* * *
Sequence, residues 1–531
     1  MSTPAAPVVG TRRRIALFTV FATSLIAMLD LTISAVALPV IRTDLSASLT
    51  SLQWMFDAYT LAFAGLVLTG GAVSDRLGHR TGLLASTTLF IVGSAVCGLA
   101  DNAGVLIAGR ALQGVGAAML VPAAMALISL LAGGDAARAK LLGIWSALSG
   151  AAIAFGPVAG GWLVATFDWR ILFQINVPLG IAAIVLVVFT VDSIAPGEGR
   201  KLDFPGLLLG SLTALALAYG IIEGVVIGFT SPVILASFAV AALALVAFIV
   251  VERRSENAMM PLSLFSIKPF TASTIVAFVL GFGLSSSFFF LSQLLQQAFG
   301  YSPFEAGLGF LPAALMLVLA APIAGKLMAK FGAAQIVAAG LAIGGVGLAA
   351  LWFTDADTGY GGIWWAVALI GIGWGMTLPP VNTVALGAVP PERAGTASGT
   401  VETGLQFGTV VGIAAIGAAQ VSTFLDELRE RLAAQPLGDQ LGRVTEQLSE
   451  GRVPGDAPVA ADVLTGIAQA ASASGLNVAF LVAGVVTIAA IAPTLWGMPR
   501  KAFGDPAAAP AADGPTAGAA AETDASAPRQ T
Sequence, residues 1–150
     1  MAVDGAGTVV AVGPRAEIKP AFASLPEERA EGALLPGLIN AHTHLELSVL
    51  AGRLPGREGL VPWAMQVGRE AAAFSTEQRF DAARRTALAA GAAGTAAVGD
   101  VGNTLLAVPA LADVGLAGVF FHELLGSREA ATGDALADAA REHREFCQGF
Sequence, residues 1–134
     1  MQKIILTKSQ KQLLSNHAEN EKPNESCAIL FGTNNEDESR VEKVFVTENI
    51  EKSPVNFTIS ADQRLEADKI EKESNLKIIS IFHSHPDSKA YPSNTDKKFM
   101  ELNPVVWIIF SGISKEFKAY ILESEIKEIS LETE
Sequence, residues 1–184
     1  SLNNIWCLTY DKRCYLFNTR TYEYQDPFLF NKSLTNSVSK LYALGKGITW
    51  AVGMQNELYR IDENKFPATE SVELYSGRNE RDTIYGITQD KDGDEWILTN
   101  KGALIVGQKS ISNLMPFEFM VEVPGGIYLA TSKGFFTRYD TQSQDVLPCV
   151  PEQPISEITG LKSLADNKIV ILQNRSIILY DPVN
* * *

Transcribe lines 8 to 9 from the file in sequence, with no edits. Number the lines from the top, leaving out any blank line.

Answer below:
   301  YSPFEAGLGF LPAALMLVLA APIAGKLMAK FGAAQIVAAG LAIGGVGLAA
   351  LWFTDADTGY GGIWWAVALI GIGWGMTLPP VNTVALGAVP PERAGTASGT